Our name is probably one of the most personal things bout us. Even though we share it with hundreds, thousands, tens of thousands of others. Whether we like it or not, it's who we are. No wonder expectant parents agonise over what their offspring should be called. In most cases, they are stuck with it for life. Though some, like my own daughter, manage to make the change. She was christened Tracey Louise, which I thought was a very pretty name, but she hated the Tracey. As soon as she started at uni she called herself Terri. Her dad, my darling Terry, used to joke that she'd had his money, had his car, and now had his name.
It did make for difficulty when her friends called, asking for 'Terri'. I had to ask - which one? And when she was married she was horrified when she realised her real name would be used and printed in the Order of Service! (She soon got over that!) Everyone, including her sister, Suzie, (christened Suzanne), call her Terri nowadays, as do I - most of the time, though when talking to relatives or old friends I still say Tracey.
Another thing about names is that many of them are tell-tale signs of how old you are. Janet must have been very popular when I was born - when I was at college there were two others in my class. Terry also had two girlfriends called Janet before the third one sealed his fate!
One of my best friends at school was named Enid, which she thought dreadfully old-fashioned, and hated, though her mother could never understand why. She always went by her middle name, which was very pretty and is still popular today, and no, I'm not going to let on what it is. But she was entered in the school register as Enid, and when a teacher who didn't know about her preference called her 'Enid' she would blush scarlet.
Though some names remain popular through the ages, most seem to go in cycles - what were the names of old people I knew when I was young are now back in fashion. Alfie and Emily are just two examples. Some however, such as Mabel and Maud have largely been left on the back burner. My own grandchildren all have traditional names - Tabitha, Barnaby, Daniel and Amelia.
When I'm writing a book, I take a long time deciding on the names of the people in the story. I have to find one that belongs in the right era and also fits their character. Once I have found the right name, I instantly get a clearer picture of them. It's fine with the hero and heroine, I don't think many people would object to a strong, good woman sharing their name. But when it comes to villains I get a bit worried. What would so-and-so think if their name is used for the 'baddie'? I've sometimes changed a name midway through because I've thought of someone who might be offended! Because inevitably, names are attached in your mind to people you have known. For instance, when I was at Primary School there was a little girl in my class who was a skinny little waif and none too bright whose knickers were frequently put to dry on the guard round the coke stove (no central heating in those days!) because she'd had an accident. If ever I picture a similar character, her name instantly pops into my mind, though I've never used it yet!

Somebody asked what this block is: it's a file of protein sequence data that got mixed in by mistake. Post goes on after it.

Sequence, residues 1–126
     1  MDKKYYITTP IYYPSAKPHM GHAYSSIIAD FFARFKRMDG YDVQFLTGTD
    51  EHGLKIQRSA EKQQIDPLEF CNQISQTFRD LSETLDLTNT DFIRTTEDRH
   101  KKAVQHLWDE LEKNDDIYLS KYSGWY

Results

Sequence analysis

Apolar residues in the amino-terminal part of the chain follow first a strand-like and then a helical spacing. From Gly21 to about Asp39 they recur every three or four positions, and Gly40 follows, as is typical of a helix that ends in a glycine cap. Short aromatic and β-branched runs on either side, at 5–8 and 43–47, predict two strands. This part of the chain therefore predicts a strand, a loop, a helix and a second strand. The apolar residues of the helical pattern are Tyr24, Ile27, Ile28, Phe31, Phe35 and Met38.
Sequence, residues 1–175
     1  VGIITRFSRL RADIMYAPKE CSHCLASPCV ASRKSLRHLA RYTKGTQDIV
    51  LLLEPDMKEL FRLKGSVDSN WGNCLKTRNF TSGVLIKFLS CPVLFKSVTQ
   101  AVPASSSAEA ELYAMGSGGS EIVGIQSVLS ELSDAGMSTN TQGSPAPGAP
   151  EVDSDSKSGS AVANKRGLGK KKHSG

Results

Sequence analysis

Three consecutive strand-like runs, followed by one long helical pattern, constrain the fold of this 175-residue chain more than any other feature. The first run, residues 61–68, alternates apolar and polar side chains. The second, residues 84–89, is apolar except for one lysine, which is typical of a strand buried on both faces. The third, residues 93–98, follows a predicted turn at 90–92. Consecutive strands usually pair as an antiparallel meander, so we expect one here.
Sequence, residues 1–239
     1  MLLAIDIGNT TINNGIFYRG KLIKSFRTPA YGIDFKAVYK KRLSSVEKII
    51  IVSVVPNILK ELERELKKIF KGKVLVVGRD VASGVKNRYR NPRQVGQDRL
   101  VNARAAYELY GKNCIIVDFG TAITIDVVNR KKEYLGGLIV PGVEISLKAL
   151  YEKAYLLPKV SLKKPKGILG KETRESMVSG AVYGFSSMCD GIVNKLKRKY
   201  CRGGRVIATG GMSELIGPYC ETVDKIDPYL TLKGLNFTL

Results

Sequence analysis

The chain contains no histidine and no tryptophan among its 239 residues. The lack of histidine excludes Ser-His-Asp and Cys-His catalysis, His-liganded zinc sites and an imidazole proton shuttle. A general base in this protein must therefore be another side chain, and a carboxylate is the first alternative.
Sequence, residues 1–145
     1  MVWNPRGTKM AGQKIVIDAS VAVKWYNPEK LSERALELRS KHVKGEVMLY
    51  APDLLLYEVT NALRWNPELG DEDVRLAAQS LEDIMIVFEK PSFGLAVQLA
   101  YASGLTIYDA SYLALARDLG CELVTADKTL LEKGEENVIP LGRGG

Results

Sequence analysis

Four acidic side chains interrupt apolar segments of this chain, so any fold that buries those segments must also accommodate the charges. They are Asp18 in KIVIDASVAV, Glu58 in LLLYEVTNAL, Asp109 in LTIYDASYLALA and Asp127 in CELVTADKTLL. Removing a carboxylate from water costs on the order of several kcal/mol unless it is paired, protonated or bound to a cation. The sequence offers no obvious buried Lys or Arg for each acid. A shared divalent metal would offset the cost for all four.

Sometimes with minor characters the same name occurs to me time and again, so my editor has to point out - 'There are rather a lot of Freds..' or whatever! And one of my regular readers made the mistake of reading the heroine's name wrongly in my Janet Tanner Oriental Hotel. 'Why ever did you call her Elsie?' she asked me. I had to point out that she was actually called Elise, a name I'd taken a long time choosing!
So there you have it. And besides being Janet I'm also Jennie and Amelia, and once, long ago, when I wrote a couple of bodice rippers which were all the rage at the time I was Jade Shannon. I thought Jade was perfect for that!
In fact, I'm very happy with all my names. Though my mother very nearly called me Grace .... And I'd have liked that too. In fact, my heroine in the new family saga I'm writing is called Grace. But that's a story for another day ...